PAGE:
Important questions raised by the AMBULATE trial: a trial of treadmill and overground walking for stroke


By Richard Lindley

We then decided to explore the value of treadmill training and overground walking as an intervention to improve walking in the more chronic post-stroke phase. Following the favourable results for treadmill training with body weight support (MOBILISE Trial, Stroke 2010; 41: 1237-42) in helping people to walk early after stroke, we wanted to test the hypothesis that treadmill training with overground walking without body weight support practice could improve walking in those with chronic stroke disability. We hypothesised that if people could improve their walking speed to near normal, this would become self-sustaining as they would be more likely to continue to walk and thus retain this improvement. Normal walking speed for older people is 1.3m/s and at this speed, normal older men would cover 576m in six minutes (494m for women) but typical speeds for those with disability after stroke is about 0.4 to 0.8m/s.


The AMBULATE trial was a single-blinded randomised controlled trial with randomisation (stratified by baseline walking speed) with two intervention groups and a no-treatment control. The control group was merely assessed at baseline and at the routine follow-up points for the trial. One intervention group received two months of treadmill training and the second intervention group received four months of training. The programme was carried out in a community setting, and the participants were recruited about 20 months after their stroke.

They were all walking independently (and thus, body weight support was not used), but some required walking aids. Transport was provided when necessary. All participants received individualised programmes to increase step length, speed, workload, and automaticity by the same therapist. To increase step length, the treadmill was run at a comfortable speed and participants were instructed to “walk as slowly as possible” and/or a metronome was used to decrease cadence thereby encouraging larger steps. When necessary, marching-type steps were included to encourage hip and knee flexion during swing phase to improve toe clearance. When a normal step length was observed, the therapist increased the speed of the treadmill until step length was compromised. Overground walking was used in each session to reinforce gains achieved during treadmill training. Overground walking comprised 20% of intervention time in week one and was progressively increased each week so that it comprised 50% of the 30-minute intervention time in week eight of training. In week nine, the four-month training group returned to 20% overground walking which was again increased to 50% by week 16. Our outcome measures were collected at two months, four months, six months and 12 months after the baseline measures were taken. Outcome measures were collected by therapists trained in the measurement procedures who were blind to group allocation.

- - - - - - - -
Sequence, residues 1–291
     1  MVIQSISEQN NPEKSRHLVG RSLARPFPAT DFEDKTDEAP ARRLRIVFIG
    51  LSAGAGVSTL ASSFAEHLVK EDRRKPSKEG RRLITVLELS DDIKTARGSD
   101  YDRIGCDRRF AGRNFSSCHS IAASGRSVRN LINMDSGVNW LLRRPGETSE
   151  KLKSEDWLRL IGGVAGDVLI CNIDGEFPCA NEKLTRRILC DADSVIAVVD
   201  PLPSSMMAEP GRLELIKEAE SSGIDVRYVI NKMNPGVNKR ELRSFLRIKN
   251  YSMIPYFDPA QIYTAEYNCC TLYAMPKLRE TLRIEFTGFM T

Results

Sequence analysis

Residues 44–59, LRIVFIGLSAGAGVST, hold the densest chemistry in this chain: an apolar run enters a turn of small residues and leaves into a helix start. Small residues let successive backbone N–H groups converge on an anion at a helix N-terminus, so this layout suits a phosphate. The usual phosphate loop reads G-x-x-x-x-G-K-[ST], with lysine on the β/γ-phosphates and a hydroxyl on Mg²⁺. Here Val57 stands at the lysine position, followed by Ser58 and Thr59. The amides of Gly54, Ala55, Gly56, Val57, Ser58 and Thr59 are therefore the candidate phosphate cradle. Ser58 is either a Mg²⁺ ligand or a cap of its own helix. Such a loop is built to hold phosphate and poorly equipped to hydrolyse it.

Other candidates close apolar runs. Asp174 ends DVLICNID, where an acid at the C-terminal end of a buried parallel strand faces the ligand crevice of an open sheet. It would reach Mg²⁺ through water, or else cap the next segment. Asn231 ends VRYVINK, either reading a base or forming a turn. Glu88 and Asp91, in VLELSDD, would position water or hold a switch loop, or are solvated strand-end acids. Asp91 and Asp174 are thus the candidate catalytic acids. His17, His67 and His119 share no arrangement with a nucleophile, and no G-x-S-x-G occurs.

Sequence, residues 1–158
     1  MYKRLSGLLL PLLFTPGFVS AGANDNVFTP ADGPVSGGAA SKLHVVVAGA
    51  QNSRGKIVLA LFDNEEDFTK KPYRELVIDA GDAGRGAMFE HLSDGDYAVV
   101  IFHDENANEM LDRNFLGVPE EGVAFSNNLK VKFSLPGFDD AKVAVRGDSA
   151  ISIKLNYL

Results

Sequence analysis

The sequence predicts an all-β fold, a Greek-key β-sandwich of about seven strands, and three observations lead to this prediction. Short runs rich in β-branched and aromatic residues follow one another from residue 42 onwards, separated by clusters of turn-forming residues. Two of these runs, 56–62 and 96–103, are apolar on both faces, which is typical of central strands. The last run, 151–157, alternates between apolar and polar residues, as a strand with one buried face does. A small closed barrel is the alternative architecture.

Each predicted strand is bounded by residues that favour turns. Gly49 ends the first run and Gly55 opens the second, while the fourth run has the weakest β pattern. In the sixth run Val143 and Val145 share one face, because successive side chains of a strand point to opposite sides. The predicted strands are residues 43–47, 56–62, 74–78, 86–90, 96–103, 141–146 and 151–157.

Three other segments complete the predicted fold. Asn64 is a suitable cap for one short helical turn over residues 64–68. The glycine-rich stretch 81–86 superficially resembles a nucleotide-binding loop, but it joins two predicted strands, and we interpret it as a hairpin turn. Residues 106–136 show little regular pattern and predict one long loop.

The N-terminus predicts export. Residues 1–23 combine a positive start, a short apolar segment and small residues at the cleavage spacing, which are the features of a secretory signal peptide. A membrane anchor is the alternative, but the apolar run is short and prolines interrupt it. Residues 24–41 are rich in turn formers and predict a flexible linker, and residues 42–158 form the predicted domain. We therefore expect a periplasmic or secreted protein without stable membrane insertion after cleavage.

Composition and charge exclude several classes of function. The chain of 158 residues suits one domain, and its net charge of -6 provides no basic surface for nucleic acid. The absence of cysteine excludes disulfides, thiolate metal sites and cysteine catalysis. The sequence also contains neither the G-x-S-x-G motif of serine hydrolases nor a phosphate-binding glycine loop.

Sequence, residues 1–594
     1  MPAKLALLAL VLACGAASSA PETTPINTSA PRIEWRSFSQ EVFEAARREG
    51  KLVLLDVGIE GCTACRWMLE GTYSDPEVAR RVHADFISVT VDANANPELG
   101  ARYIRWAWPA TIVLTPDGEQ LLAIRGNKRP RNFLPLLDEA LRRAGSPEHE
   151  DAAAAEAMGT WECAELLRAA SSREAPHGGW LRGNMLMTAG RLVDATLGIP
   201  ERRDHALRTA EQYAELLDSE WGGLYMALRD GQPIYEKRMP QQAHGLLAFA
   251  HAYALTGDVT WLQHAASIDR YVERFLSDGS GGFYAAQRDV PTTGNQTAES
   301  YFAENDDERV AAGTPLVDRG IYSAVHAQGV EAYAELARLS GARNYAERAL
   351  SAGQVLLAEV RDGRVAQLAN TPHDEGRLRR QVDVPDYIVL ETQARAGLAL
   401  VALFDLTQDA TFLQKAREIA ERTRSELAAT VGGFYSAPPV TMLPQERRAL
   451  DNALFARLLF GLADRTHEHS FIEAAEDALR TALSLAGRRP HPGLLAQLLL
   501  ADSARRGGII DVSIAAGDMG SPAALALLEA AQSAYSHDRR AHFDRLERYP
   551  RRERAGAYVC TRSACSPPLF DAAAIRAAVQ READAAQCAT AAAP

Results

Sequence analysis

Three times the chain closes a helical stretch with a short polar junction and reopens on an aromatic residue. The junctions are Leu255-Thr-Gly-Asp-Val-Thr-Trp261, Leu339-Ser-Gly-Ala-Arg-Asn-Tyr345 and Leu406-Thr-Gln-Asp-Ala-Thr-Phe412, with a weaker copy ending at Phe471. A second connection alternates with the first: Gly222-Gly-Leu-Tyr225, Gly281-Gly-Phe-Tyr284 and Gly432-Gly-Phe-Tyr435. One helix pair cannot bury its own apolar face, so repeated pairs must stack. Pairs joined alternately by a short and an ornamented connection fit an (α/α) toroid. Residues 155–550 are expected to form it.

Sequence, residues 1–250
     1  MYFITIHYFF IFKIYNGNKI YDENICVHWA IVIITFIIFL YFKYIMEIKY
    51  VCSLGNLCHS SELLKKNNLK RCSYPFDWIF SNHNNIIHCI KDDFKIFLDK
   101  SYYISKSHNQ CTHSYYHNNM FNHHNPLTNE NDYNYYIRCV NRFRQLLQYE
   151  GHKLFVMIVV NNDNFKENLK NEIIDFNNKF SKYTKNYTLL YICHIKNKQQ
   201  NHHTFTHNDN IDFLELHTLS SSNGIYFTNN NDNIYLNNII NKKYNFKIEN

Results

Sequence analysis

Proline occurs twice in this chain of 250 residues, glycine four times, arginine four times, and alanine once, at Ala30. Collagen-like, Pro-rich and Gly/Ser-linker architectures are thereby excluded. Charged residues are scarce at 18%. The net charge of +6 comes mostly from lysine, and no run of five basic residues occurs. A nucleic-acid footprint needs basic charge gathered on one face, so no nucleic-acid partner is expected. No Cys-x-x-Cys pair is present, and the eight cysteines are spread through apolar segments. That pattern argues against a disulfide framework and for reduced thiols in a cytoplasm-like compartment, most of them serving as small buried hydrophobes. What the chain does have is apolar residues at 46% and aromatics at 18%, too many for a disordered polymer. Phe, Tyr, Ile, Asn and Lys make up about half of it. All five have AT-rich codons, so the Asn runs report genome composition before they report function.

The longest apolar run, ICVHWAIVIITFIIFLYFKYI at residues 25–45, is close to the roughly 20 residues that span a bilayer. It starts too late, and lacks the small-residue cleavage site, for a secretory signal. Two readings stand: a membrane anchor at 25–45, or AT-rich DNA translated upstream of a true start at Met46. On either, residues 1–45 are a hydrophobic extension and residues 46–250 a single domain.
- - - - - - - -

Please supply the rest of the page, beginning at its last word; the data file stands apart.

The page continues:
Our results showed that this training regime improved walking for both intervention groups, but unfortunately the improvements were not maintained. Four months of training was statistically better than two months of training so by the four-month follow-up, the four month training group walked 38m (95% CI 15 to 60) more than the control group and 29m (95% CI 4 to 53) more than the two-month training group. Walking speeds increased, from a baseline of 0.5m/s to 0.68m/s in the four-month training group, but again these speeds fell back to near baseline after training ceased.

What does this mean for those with stroke? Our conclusions, backed by many anecdotes from stroke survivors, is that training (and in this case training supervised by a trained therapist) using a mixture of treadmill and overground walking practice can improve walking but this improvement is not sustained unless the training regime is continued. Stroke survivors are therefore no different to those without stroke: to maintain fitness continued training is required. For those with walking limitation after stroke, training should probably continue indefinitely.

These results are consistent with the observation that older frail people with chronic disability often require bursts of rehabilitation to maintain abilities. Our results provide important new insights into services for those with stroke.

The traditional post-acute stroke rehabilitation model is clearly insufficient. We need to be smarter in designing more sustainable community training. However, we wonder how many fitness clubs and gyms would welcome those with stroke in attending their centre?

Like all good research, our results have spurred us on to explore other methods of achieving increased physical activity. The Australian National Heart Foundation runs a community programme of physical activity called “Heartmoves” and we are exploring new research to investigate whether this programme could be adapted for those with stroke. Physical activity remains the most promising intervention for healthy ageing—our challenge is to make this achievable for the many.

The full results of the AMBULATE trial are in-press in the International Journal of Stroke.

Richard I Lindley is the Moran Foundation professor of Geriatric Medicine, The University of Sydney, Sydney, Australia. Louise Ada from the University of Sydney and Cath Dean from Macquarie University were the other chief investigators

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